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Friend: Nancy Lanza was 'very devoted' to her sons

While much remains unknown about the Sandy Hook school shooting, we're learning more about one of the victims – gunman Adam Lanza's mother, who owned all of the weapons recovered at the scene. NBC's Mike Isikoff reports, and four of her friends join TODAY's Savannah Guthrie to talk about her life and her relationship with her son.

Friends of Nancy Lanza, the slain mother of Sandy Hook Elementary School shooter Adam Lanza, remembered her as a woman devoted to her two boys.

She educated them, they said, about proper safety when handling her gun collection.

Nancy Lanza was found dead in her home on Friday of multiple gunshot wounds to the head, according to the State of Connecticut Office of the Chief Medical Examiner. Police said Adam Lanza killed his mother before driving to Sandy Hook Elementary School in Newtown, Conn., on Friday and killing 20 children and six adults before committing suicide.

Savannah Guthrie spoke with John Bergquist, Russell Hanoman, Sebastian Morrell and Ellen Adriani, four friends of Nancy Lanza on TODAY Monday. The friends painted a picture of a woman who loved her son, Adam, despite his difficulties.

“She never feared (Adam),’’ Adriani said. “She was a very devoted mom to both her boys. She always made herself available to Adam and his needs. He came first, clearly, with her.’’

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“She was a parent just like all of us, and she was a strong, kind, caring and loving person,’’ John Tambascio, the owner of a local bar Lanza frequented, told NBC News. “There was nothing odd and weird about her. She was completely normal and tried to help her kids just like all of us would.’’

Adam Lanza, 20, was described as a “recluse’’ by his mother to friends. Nancy Lanza divorced her husband, General Electric executive Peter Lanza, in 2009, and he left her their spacious 3,100-square foot home in Newtown where Adam spent the majority of his time.

“He was clearly a troubled child,’’ said Hanoman, who was the only one of the four friends to have met Adam. “We know that he had Asperger’s. Nancy mentioned that to me several times. He was very calm, very withdrawn, much like most kids with Asperger’s are. He was typical in that regard.’’

“Sometimes he would isolate himself, things like that,’’ Adriani said. “She was very conscious of how she would react to him. For an example, one time he was ill, and he just didn’t want her in the room, so she stayed outside of his bedroom all night on the carpet, and he periodically would say, ‘Are you there? Are you there?’ And she’d always say, ‘Yes I’m here.’ So he wanted her there to some degree, but not in his exact, immediate space.’’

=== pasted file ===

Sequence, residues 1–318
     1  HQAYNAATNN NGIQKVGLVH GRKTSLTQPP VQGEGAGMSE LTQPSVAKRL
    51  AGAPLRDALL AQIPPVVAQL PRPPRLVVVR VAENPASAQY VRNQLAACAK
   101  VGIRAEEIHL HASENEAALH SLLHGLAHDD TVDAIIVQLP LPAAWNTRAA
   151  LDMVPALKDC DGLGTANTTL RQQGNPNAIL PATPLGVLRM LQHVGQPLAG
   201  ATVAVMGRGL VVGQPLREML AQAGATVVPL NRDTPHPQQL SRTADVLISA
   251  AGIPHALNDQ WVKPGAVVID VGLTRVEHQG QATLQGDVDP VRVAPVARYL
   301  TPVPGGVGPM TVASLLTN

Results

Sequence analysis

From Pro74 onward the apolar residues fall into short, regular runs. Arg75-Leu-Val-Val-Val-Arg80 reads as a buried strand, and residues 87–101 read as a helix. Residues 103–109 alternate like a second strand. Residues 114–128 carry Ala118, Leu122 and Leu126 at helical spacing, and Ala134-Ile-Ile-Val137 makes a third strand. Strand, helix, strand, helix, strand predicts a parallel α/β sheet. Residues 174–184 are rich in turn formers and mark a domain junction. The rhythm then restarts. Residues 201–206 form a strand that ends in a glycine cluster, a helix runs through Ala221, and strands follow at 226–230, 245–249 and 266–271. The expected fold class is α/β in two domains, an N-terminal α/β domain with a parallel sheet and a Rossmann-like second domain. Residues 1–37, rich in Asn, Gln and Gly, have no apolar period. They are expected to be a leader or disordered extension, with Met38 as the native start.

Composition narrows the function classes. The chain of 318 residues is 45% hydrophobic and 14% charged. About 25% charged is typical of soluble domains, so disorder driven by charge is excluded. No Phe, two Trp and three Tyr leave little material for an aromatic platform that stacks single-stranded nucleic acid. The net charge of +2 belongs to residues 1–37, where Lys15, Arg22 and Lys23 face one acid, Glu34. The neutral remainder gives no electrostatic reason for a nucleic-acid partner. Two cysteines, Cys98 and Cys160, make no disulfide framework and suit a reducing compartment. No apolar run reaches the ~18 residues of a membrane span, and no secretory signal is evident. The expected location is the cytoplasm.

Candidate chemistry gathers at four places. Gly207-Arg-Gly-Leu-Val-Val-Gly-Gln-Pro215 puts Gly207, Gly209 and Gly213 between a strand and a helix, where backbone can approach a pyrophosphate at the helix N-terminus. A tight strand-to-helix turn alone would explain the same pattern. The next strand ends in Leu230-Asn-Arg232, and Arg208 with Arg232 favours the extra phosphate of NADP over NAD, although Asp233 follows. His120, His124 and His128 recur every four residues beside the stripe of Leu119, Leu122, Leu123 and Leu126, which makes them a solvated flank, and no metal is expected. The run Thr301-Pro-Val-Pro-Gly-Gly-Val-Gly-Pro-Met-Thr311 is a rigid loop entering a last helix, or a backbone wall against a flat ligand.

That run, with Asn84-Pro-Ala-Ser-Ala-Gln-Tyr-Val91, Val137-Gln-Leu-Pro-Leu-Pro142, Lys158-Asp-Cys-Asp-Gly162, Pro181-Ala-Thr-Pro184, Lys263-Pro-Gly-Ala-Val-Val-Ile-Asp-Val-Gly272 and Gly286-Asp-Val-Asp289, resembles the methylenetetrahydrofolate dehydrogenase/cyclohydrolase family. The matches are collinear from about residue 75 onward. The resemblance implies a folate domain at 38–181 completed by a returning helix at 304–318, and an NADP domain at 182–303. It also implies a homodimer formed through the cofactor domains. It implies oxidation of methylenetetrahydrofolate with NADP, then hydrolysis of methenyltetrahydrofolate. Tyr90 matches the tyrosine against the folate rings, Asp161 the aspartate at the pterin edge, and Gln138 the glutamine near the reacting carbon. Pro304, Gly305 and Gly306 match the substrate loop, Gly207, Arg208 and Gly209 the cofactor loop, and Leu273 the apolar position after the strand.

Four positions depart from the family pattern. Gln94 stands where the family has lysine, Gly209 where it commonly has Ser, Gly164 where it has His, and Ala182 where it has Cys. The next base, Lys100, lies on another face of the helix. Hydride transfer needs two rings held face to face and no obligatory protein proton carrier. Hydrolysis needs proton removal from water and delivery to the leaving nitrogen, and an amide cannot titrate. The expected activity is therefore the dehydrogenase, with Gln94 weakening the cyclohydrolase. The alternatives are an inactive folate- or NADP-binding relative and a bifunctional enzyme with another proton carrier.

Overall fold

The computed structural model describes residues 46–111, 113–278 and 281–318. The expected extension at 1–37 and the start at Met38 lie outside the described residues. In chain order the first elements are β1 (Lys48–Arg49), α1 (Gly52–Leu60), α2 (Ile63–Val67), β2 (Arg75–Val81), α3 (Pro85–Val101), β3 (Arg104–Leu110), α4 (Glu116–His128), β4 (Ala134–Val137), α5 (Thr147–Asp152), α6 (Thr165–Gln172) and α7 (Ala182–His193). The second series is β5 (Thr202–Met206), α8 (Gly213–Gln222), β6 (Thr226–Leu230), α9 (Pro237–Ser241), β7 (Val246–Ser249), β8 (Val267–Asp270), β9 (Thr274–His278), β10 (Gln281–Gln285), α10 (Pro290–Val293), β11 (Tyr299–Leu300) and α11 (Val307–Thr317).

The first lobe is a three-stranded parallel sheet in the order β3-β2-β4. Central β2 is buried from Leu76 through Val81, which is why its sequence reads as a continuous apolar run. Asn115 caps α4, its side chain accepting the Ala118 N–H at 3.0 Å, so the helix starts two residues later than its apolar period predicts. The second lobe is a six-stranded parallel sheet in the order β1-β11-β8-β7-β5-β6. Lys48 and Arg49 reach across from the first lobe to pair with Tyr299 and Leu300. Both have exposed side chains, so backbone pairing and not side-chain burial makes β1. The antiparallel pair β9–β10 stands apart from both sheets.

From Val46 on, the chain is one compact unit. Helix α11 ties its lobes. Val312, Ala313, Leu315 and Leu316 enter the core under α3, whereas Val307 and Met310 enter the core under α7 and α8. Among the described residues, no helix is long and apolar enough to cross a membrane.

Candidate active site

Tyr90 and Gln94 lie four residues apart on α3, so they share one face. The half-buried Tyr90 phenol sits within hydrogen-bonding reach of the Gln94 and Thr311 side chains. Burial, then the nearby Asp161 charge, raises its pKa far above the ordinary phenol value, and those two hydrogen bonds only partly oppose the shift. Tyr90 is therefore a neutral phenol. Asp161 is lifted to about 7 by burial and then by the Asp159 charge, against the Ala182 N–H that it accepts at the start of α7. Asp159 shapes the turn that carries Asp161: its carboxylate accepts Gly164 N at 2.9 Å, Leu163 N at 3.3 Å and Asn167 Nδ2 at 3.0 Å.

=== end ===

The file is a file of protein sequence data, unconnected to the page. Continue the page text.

Read: 'Devastating' details about shooting emerge

She was also there for others in need, according to her friends.

“Nancy was a very caring friend,’’ Adriani said. “She was extremely kind and very generous, not only with her time, but with her finances. If she was ever feeling that I was in need of a friend, she definitely was on the phone with me.’’

Nancy Lanza was a gun enthusiast, and took her children target shooting. The four weapons recovered at the crime scene, including a Glock 10-mm handgun, a Sig Sauer 9-mm handgun and a Bushmaster AR-15 assault rifle, all belonged to her. However, her friends said the guns were more a hobby than an obsession.

“She was definitely not a survivalist,” Bergquist said. “Shooting was one of her hobbies. It wasn’t her main hobby. She loved the arts, culture. She loved the finer things in life. She loved to go to Red Sox games, and that’s the Nancy I knew.’’

“She took up target shooting a few years ago,’’ Tambascio told NBC News. “She was a single mom raising two boys living alone in a house that’s close to the woods. I don’t see anything odd.’’

Read: Slain Sandy Hook principal's daughter tweets photo of her baby, Obama

Her friends confirmed that she occasionally took her sons to a target range for shooting practice, but that it was for safety purposes and to educate them about the proper use of firearms.

“She told us that she had wanted to introduce them to the guns to teach them, especially Adam, a sense of responsibility,’’ Hanoman told Guthrie. “Guns require a lot of respect, and she really tried to instill that responsibility within him, and he took to it. He loved being careful with them. He made it a source of pride.’’ 

Andrew Solomon, the author of "Far from the Tree,'' a book about parents dealing with children with exceptional conditions ranging from disabilities to mental illness to prodigal talents, told Guthrie that people often look to the parents for answers in situations like the Connecticut shooting. In the research for his book, Solomon spoke with the parents of Columbine shooter Dylan Klebold. 

"The first thing is that I think that we always expect that the family will provide an explanation of why,'' Solomon said. "We think that if we understand the family, we'll know why it happened. But these illnesses strike people as randomly as cancer or any other illness. So I think the family can't be held responsible for it, at least not from the evidence so far. 

"This was an act of rage and violence, but it was also an act of extreme depression. Murder-suicides, everyone always focuses on the murder piece, which is the more upsetting piece, but if you don't look at the suicide, you'll never figure out what it is that drives people this way. Sometimes the parents know and they can't do anything, and sometimes the kids are very secretive, and we don't know yet which this is (in the Connecticut case)."